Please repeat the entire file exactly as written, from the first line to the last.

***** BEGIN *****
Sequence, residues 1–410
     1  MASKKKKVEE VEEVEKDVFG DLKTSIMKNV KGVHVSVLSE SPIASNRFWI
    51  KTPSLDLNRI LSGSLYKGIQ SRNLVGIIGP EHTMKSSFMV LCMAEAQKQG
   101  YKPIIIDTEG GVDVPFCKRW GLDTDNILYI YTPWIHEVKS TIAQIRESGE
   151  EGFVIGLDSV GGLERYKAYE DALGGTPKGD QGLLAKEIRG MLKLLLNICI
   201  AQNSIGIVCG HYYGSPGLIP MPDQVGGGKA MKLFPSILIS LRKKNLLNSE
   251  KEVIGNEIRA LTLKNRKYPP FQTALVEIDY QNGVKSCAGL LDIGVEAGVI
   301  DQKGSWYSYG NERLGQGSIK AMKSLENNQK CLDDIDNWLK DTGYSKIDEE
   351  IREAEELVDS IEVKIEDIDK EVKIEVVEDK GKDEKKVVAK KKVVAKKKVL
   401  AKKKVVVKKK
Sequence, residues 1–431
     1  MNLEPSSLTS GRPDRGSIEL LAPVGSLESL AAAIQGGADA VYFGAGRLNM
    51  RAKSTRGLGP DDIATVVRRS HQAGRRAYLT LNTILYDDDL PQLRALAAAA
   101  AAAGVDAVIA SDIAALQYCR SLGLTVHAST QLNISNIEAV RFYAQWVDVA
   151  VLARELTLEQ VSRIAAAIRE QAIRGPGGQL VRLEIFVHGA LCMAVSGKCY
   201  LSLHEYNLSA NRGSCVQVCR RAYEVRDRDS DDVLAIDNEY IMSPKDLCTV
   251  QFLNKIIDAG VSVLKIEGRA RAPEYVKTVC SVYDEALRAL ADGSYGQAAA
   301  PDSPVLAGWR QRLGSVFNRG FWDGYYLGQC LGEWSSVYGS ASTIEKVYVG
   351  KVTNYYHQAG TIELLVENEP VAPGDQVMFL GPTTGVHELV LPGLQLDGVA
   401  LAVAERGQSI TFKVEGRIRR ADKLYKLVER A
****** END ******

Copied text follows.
Sequence, residues 1–410
     1  MASKKKKVEE VEEVEKDVFG DLKTSIMKNV KGVHVSVLSE SPIASNRFWI
    51  KTPSLDLNRI LSGSLYKGIQ SRNLVGIIGP EHTMKSSFMV LCMAEAQKQG
   101  YKPIIIDTEG GVDVPFCKRW GLDTDNILYI YTPWIHEVKS TIAQIRESGE
   151  EGFVIGLDSV GGLERYKAYE DALGGTPKGD QGLLAKEIRG MLKLLLNICI
   201  AQNSIGIVCG HYYGSPGLIP MPDQVGGGKA MKLFPSILIS LRKKNLLNSE
   251  KEVIGNEIRA LTLKNRKYPP FQTALVEIDY QNGVKSCAGL LDIGVEAGVI
   301  DQKGSWYSYG NERLGQGSIK AMKSLENNQK CLDDIDNWLK DTGYSKIDEE
   351  IREAEELVDS IEVKIEDIDK EVKIEVVEDK GKDEKKVVAK KKVVAKKKVL
   401  AKKKVVVKKK
Sequence, residues 1–431
     1  MNLEPSSLTS GRPDRGSIEL LAPVGSLESL AAAIQGGADA VYFGAGRLNM
    51  RAKSTRGLGP DDIATVVRRS HQAGRRAYLT LNTILYDDDL PQLRALAAAA
   101  AAAGVDAVIA SDIAALQYCR SLGLTVHAST QLNISNIEAV RFYAQWVDVA
   151  VLARELTLEQ VSRIAAAIRE QAIRGPGGQL VRLEIFVHGA LCMAVSGKCY
   201  LSLHEYNLSA NRGSCVQVCR RAYEVRDRDS DDVLAIDNEY IMSPKDLCTV
   251  QFLNKIIDAG VSVLKIEGRA RAPEYVKTVC SVYDEALRAL ADGSYGQAAA
   301  PDSPVLAGWR QRLGSVFNRG FWDGYYLGQC LGEWSSVYGS ASTIEKVYVG
   351  KVTNYYHQAG TIELLVENEP VAPGDQVMFL GPTTGVHELV LPGLQLDGVA
   401  LAVAERGQSI TFKVEGRIRR ADKLYKLVER A